Tuesday, November 06, 2012

US relations on election night



Hundreds of invited guests toasted US democracy on
election night at a reception hosted by the US Embassy


Ambassador Aponte interviewed on Salvadoran 
television on election night

On election day in the US, it is appropriate to reflect on its relations with El Salvador.   The influence and impact of the US on this tiny country of 6 million people cannot be overestimated.   One out of every four people born in El Salvador lives now in the United States.   Their earnings sent back to family members in El Salvador make up a sixth of the Salvadoran economy.   More than 200,000 Salvadorans are in the US on Temporary Protected Status, and their ability to stay in the country continues to rest on the good will of the administration in power.  El Salvador uses the US dollar as its currency.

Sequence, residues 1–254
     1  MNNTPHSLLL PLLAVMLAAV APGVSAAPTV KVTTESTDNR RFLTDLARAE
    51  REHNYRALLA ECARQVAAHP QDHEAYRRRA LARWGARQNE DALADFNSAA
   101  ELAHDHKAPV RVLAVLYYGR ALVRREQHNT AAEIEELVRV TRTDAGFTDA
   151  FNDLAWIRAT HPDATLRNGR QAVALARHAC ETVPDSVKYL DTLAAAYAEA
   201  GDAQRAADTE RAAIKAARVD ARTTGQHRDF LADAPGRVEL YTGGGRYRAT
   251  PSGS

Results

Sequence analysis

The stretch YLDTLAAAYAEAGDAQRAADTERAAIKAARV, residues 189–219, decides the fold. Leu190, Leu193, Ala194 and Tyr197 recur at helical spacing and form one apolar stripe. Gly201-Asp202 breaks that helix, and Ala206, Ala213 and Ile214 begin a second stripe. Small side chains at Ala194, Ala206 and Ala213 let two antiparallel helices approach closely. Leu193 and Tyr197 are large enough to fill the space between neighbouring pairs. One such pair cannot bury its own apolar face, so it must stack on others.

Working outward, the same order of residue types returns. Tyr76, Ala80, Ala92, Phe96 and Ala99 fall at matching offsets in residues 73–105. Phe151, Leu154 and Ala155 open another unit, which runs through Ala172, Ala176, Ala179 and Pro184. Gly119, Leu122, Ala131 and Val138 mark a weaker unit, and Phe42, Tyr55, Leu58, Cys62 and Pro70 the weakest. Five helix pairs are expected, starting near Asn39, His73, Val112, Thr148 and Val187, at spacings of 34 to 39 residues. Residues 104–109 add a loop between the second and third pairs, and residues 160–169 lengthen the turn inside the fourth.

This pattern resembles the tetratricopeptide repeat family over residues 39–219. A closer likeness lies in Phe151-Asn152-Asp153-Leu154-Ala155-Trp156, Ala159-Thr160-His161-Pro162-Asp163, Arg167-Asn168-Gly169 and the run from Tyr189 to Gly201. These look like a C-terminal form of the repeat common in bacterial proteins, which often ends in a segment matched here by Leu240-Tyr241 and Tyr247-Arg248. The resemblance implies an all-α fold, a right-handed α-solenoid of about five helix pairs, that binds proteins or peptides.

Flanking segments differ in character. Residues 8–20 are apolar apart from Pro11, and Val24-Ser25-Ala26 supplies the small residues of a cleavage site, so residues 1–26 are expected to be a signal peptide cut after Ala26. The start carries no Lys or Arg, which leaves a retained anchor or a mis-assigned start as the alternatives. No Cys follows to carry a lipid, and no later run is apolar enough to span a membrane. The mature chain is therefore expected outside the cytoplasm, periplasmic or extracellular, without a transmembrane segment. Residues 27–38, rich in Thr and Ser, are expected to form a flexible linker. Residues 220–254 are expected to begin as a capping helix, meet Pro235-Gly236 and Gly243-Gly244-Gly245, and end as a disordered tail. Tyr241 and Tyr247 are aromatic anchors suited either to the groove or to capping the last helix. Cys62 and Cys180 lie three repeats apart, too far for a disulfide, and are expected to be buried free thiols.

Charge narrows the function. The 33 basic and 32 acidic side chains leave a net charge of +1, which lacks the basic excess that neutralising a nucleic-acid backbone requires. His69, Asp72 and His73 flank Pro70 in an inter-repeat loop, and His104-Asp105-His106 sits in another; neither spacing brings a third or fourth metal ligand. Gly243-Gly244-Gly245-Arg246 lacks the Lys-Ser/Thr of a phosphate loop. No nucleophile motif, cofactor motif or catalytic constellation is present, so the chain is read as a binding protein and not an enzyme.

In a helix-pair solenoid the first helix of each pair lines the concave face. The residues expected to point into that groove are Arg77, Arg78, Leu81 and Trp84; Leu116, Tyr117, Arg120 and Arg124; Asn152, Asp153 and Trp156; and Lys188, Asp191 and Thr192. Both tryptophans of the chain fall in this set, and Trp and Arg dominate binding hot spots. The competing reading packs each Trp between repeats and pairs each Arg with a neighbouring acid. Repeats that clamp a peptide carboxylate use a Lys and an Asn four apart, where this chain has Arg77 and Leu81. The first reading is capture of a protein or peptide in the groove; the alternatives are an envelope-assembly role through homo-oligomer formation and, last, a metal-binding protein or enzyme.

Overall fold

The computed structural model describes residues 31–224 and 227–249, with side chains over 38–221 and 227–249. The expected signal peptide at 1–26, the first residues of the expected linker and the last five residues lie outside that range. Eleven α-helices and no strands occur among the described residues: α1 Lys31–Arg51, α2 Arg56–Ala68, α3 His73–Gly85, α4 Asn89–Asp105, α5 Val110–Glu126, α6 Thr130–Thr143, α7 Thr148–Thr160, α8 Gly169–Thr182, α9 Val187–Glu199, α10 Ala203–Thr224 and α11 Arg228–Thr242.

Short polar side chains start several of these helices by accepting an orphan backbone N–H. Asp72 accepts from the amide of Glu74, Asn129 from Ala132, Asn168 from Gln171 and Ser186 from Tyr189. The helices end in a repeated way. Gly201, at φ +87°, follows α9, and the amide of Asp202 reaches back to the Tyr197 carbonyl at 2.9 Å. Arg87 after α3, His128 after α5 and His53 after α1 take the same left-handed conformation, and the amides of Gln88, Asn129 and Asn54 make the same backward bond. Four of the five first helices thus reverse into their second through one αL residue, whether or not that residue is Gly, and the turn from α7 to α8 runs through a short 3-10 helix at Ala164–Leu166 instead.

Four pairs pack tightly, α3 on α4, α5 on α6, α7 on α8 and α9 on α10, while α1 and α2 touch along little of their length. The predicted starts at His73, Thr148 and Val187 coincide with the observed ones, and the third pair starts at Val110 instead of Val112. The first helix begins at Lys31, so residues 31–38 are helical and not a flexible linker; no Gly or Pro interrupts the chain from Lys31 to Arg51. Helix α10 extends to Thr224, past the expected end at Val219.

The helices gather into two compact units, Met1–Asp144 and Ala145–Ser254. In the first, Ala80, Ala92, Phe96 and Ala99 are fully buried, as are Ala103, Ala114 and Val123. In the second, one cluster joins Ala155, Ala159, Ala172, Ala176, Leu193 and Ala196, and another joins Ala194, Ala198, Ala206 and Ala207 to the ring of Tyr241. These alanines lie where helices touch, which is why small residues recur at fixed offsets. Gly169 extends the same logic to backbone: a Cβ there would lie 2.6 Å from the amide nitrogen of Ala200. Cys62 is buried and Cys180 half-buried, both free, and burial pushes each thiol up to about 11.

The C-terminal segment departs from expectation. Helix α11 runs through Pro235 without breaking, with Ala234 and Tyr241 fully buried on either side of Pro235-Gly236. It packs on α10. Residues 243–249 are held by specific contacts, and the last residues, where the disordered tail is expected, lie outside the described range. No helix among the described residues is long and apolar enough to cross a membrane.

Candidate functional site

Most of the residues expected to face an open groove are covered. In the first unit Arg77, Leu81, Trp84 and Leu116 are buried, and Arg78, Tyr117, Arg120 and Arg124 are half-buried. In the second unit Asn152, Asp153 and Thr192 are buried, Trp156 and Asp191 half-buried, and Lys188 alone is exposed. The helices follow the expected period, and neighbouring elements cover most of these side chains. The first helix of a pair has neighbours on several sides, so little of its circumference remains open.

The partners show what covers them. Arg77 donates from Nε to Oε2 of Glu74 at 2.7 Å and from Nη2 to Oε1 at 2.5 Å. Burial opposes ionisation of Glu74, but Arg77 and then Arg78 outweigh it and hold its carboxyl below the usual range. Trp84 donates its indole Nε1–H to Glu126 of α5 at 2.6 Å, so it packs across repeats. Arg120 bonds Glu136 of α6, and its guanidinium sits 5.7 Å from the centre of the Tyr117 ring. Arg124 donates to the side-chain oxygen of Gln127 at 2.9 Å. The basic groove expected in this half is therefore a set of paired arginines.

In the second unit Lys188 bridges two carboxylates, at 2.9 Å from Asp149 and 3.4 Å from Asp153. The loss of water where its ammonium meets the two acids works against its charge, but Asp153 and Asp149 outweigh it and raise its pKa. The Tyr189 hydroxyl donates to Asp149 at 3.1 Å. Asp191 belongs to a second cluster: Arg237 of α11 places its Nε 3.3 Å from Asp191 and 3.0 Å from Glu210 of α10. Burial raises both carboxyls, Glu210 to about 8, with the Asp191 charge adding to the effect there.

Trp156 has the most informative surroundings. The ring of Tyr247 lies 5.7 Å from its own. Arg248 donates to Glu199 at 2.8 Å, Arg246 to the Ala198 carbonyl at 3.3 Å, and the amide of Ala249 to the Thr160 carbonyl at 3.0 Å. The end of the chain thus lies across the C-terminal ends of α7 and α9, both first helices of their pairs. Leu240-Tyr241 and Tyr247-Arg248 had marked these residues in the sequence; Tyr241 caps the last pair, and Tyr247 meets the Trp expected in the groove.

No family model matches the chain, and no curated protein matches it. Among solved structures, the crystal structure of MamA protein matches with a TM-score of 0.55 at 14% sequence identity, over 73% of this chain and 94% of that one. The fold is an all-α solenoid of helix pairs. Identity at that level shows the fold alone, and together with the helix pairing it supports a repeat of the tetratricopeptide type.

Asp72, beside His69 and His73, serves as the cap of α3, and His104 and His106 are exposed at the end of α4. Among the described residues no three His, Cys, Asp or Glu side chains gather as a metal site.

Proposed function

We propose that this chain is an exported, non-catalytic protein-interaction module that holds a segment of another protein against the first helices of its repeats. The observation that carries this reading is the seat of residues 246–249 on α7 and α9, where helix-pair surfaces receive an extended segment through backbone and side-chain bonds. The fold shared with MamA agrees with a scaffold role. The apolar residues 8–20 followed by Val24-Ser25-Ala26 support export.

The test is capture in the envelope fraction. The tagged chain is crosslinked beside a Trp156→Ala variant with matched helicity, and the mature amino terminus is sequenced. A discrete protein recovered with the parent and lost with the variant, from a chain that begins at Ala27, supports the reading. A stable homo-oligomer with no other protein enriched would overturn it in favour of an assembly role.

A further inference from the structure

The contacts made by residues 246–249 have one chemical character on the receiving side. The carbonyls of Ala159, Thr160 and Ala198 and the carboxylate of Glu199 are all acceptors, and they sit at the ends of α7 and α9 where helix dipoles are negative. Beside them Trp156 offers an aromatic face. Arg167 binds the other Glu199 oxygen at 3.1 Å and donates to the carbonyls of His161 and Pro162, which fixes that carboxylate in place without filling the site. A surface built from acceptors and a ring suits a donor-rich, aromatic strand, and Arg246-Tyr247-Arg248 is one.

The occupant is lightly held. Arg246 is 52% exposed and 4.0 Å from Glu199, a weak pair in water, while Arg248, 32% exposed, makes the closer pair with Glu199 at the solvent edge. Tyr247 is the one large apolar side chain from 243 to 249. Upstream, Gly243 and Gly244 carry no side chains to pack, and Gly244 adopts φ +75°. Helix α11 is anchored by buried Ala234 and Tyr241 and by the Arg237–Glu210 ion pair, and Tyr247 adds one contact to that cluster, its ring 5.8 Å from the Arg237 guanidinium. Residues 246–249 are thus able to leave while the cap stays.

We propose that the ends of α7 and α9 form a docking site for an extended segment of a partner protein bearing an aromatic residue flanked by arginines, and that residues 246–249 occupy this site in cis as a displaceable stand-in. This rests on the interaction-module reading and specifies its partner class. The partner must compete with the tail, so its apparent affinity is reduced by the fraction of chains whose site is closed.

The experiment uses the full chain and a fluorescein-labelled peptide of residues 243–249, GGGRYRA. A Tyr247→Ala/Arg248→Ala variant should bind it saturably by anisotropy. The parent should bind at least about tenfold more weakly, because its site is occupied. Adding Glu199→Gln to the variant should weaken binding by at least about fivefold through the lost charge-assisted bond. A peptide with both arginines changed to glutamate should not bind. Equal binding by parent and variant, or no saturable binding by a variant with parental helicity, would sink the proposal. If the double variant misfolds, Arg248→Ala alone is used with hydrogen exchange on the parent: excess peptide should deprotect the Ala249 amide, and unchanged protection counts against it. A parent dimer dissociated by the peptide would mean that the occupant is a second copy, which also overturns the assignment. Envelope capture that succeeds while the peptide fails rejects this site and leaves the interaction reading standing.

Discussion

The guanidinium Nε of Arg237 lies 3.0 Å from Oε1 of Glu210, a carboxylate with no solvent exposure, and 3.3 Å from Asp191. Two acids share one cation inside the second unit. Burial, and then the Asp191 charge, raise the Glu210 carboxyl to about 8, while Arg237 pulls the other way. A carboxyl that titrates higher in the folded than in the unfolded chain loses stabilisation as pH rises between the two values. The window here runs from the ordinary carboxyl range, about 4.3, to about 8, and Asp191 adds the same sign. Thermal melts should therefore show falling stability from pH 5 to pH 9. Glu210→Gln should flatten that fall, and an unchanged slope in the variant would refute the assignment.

The major recent US foreign aid initiatives in El Salvador have been the Millennium Challenge Compact which focused on development in the northern zone of El Salvador and was recently completed, and the Partnership for Growth which focuses on security and enhancing exports.

The US operates an International Law Enforcement Academy in the country, where expansion plans were recently announced.   In the past year, Peace Corps volunteer numbers were significantly reduced in the country in reflection of concerns over safety.  

But looking backwards, the US was also the primary funder of the El Salvador's military during the country's 12 year civil war.   More than $1 million per day flowed to support Salvadoran armed forces who were responsible for 90% of the 75,000 civilian deaths during the war.   Armed forces trained and advised by the US committed gross human rights abuses.  Without that military aid, the war might have ended years earlier.   The US has never admitted its error.  

One of the bright spots in  US-Salvadoran relations is the current Ambassador, Mari Carmen Aponte.   She is very popular with almost all segments of Salvadoran society.   Her true affection for the people of El Salvador has made her many friends.   She was gracious enough to meet with me earlier today, and an Obama win tonight will hopefully mean several more years for Ambassador Aponte to serve in El Salvador.

No comments: